- I bought shares of W.P. Carey after reading some convincing analysis
- The stock is trading below it’s historical P/AFFO level
- Currently sports a 6.2% dividend yield that may grow substantially in the next few years
W.P. Carey is a triple net lease REIT that I recently added to my portfolio. Per investopedia,
A triple net lease is a lease agreement that designates the lessee, which is the tenant, as being solely responsible for all the costs relating to the asset being leased, in addition to the rent fee applied under the lease. The structure of this type of lease requires the lessee to pay the net amount for three types of costs, including net real estate taxes on the leased asset, net building insurance and net common area maintenance. This type of lease can also be referred to as a net-net-net (NNN) lease.
Ok – so in plain English what does that mean? A company rents a building out and the tenant is responsible for paying the property taxes, insurance and cost of repairs and maintenance. In exchange, the rent charged is typically lower but it keeps the tenant on the hook for any upkeep. This helps create a steady stream of predictable income for the landlord.
I read a very compelling analysis by Brad Thomas on Seeking Alpha called “There’s Nothing Scary About W.P. Carey“. While the whole article is a great read there are few takeaways I want to highlight.
In 2012, the company converted from an MLP to a REIT. Amongst other reasons this helped to simplify tax reporting for shareholders (no K1’s).
Part of their business operations are to manage non publically traded REITs. Often times, they will merge with those entities down the road. In the meantime, they collect management fees. The management fees only make up about 5% of the total funds from operation.
At the end of the quarter they had 900 properties leased to 214 different clients. W.P. Carey also has a reasonably sized European operation to help diversify markets.
The mix of properties are diversified from industrial, office, retail, warehouse and self-storage space. The mixture is also diversified from the standpoint of the tenants. Retail is the largest tenant but is only 17% of total space.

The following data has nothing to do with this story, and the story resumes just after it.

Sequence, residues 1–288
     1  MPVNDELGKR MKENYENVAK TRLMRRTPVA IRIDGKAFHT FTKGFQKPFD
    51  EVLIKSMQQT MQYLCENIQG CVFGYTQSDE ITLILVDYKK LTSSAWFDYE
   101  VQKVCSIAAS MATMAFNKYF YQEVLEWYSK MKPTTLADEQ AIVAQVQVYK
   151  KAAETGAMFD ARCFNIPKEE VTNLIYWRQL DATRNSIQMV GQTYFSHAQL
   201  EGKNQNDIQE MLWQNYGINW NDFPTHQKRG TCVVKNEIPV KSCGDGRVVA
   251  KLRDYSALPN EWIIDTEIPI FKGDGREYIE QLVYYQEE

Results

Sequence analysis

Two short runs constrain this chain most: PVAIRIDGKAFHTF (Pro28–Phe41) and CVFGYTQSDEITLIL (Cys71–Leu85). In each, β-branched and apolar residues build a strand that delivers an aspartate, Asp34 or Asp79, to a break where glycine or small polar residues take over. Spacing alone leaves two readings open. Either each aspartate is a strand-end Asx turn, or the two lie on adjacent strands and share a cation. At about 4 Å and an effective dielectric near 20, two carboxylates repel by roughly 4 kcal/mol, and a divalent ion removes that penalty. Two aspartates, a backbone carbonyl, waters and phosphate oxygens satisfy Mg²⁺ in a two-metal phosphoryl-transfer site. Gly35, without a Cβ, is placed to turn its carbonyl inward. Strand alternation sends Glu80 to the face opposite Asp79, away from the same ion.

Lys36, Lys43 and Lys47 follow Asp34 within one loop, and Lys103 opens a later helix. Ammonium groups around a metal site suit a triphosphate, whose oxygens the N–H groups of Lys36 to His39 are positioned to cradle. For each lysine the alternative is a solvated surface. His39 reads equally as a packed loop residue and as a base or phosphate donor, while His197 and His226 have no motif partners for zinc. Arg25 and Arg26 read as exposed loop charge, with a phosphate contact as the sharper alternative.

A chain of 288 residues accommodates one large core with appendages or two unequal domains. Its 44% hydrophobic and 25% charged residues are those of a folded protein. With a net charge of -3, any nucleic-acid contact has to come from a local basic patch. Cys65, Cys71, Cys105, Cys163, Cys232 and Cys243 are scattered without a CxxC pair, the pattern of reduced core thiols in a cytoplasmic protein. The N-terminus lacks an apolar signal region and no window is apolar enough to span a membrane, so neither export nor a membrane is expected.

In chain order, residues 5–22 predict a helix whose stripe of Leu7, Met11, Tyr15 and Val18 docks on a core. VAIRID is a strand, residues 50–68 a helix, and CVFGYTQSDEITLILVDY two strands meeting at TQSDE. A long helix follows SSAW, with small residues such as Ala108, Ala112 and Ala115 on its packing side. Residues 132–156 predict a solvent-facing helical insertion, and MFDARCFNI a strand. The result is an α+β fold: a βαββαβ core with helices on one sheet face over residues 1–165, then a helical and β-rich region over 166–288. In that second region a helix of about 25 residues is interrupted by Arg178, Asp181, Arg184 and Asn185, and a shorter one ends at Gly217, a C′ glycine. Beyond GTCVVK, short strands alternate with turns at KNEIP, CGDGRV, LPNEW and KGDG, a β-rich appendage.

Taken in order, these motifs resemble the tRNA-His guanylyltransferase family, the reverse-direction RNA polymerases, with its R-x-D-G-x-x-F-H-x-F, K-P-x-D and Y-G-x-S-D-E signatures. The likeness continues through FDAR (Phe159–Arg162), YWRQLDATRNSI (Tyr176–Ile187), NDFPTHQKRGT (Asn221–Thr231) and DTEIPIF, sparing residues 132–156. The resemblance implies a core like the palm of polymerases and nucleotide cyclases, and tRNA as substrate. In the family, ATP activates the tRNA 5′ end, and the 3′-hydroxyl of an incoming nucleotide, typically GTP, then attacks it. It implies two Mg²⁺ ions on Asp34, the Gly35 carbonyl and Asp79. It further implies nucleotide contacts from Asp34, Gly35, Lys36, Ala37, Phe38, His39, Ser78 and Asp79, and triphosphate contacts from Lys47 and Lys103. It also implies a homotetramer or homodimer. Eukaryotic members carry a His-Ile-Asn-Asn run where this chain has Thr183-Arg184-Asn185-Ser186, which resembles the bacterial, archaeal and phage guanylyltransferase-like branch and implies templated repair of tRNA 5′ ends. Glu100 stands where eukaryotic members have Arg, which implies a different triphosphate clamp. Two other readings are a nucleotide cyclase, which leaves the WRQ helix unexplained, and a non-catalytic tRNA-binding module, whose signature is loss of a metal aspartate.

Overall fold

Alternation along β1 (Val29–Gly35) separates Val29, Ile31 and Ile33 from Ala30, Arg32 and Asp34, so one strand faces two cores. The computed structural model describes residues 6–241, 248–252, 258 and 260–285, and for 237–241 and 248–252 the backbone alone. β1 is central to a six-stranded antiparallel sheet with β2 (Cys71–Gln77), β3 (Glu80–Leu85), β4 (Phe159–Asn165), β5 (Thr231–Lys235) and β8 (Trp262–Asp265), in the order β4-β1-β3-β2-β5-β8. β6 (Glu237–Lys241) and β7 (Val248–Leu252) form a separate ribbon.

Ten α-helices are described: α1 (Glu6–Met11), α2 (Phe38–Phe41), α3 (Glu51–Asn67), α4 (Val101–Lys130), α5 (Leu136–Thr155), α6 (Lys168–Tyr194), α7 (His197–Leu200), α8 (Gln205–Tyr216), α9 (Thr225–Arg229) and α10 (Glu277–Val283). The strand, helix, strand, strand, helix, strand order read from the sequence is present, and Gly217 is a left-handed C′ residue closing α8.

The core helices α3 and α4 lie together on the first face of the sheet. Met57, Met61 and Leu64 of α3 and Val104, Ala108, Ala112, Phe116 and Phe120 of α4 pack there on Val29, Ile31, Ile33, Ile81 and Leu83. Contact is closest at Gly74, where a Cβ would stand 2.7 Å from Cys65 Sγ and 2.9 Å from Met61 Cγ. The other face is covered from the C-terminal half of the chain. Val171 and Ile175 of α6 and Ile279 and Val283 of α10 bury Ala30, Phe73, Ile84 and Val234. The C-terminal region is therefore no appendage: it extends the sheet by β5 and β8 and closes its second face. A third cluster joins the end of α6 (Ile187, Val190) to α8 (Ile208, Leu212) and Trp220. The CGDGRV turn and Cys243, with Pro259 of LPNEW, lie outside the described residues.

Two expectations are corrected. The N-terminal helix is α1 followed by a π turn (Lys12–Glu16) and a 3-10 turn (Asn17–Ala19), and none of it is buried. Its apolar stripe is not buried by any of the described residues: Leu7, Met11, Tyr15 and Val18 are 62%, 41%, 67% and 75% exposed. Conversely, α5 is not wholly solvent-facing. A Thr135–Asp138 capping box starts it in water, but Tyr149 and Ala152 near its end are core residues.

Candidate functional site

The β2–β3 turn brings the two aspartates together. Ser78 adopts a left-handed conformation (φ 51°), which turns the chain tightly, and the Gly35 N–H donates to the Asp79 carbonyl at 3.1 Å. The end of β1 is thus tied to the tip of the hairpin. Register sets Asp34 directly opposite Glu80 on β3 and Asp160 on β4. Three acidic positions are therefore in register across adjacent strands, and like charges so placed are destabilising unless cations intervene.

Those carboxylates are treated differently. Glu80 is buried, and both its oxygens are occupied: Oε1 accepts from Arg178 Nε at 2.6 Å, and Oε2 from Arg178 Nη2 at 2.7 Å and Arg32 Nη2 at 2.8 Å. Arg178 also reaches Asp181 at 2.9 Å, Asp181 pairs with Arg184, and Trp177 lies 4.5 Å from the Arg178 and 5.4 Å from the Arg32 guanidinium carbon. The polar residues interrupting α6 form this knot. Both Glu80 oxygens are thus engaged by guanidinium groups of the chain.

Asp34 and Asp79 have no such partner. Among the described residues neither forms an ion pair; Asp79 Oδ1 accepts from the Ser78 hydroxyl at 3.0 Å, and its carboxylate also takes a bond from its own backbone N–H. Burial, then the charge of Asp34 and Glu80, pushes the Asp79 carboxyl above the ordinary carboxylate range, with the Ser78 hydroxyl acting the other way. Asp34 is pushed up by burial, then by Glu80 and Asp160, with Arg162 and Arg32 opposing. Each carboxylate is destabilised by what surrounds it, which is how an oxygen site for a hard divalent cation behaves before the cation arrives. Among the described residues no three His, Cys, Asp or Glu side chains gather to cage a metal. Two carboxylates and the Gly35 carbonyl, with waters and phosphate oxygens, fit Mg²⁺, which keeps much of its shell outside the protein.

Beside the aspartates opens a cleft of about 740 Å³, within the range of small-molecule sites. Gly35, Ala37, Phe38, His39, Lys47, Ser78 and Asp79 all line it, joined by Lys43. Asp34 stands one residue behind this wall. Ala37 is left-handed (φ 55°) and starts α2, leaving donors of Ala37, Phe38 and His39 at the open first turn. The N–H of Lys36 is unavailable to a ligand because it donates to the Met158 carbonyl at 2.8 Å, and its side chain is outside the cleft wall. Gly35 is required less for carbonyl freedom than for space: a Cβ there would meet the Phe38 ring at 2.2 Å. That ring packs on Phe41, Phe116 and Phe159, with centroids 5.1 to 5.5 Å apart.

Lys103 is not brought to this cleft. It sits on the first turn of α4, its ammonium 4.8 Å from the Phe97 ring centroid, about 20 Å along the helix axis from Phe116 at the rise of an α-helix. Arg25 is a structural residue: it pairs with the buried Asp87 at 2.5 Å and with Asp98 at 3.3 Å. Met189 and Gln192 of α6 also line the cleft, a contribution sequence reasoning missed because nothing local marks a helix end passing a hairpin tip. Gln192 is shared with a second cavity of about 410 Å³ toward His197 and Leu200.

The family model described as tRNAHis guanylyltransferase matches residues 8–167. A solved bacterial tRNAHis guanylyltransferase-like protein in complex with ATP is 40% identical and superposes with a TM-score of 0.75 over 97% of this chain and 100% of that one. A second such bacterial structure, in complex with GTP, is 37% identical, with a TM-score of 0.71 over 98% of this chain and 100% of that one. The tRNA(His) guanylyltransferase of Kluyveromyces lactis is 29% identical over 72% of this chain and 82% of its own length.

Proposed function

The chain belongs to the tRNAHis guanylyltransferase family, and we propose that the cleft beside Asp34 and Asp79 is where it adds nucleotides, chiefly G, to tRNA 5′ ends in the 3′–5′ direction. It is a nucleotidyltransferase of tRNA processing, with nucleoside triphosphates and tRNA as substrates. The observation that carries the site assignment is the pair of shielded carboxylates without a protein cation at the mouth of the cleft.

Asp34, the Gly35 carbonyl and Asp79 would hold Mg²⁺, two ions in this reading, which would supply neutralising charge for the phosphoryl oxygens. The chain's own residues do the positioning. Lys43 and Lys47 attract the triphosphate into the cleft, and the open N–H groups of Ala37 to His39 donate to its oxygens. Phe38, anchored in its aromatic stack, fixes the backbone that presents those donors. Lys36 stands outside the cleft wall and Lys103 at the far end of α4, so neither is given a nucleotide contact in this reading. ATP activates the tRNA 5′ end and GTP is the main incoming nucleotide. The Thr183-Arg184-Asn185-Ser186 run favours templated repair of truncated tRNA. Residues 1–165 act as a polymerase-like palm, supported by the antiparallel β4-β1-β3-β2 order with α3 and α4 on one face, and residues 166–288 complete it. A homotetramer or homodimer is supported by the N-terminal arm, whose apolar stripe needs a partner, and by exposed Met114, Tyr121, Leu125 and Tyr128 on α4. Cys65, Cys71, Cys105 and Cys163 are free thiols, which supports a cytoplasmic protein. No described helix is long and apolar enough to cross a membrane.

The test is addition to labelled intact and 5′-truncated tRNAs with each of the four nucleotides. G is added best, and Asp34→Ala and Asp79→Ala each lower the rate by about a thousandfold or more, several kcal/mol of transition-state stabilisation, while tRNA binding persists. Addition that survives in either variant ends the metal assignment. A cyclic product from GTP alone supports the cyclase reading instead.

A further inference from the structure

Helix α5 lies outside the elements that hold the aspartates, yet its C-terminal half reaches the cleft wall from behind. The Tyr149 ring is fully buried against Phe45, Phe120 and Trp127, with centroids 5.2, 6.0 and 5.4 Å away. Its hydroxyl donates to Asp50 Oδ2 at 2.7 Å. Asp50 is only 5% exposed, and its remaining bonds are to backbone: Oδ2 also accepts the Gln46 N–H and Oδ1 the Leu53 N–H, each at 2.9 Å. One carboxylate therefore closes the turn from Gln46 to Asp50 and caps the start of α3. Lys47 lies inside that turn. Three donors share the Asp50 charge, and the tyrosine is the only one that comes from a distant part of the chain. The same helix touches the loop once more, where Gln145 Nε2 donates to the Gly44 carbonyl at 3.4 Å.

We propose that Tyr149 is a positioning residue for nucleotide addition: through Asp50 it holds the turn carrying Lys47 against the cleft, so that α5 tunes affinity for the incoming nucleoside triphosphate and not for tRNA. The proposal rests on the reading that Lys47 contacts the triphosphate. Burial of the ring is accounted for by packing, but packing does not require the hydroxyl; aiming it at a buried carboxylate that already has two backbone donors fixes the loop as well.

Looking at the price to adjusted funds from operation (my favorite REIT valuation method) a few things jump out. Firstly, the overall value is low, with an average of 13 which would be equivalent to a P/E of 13. Secondly, the current value is even lower at 12.4. For a company with a long track record of success this seems unreasonable to me. The company is also currently on track for low single digit fund growth.
While the history for P/AFFO is rather short the company has been compounding at nearly 7% per year. This is an addition to the hefty dividend they pay out.
Jumping back to Brad’s article, he highlights two important growth opportunities coming down the pike. Two of the funds that Carey manages are called CPA 17 and CPA 18. He believes it is highly likely that CPA 17 will eventually merge with the public REIT. In 2014 Carey merged with CPA 16 in a deal worth $4B. That helped jump FFO from $2.78 in 2013 to $4.56 in 2014. The dividend also grew 38% because of that jump. CPA 17 has roughly $5.8B in assets under management.
So a future merger with another of these entities will produce another large jump in FFO and ultimately a large jump in the dividend. While I am currently comfortable with the current dividend yield and continued growth of the business, the opportunity for a large buyout of CPA 17 has me excited. Brad estimates that funds from operations may jump another 8% in 2018 due to a buyout.
Simply Safe Dividends
W.P. Carey is a little different than my recent addition of J.M. Smucker. The safety score is a bit lower, still better than average. That takes into consideration the company is a REIT, which usually carries a higher debt load. On the flip side the company has a dividend higher than 89% of all other dividend paying companies, though it is expected to grow slowly (perfectly fine with me).
W.P. Carey is a triple net lease REIT operating against other heavyweights such as National Retail Properties (NNN) and Realty Income (O). I think a portfolio has a place for all three, but preferably at the right valuation. WPC still sports a valuation well below either of it’s main competitors. The dividend is healthily supported by on going operations. As a kicker, a large buyout of a non publically traded REIT may give investors a large bump in both funds from operations as well as dividends.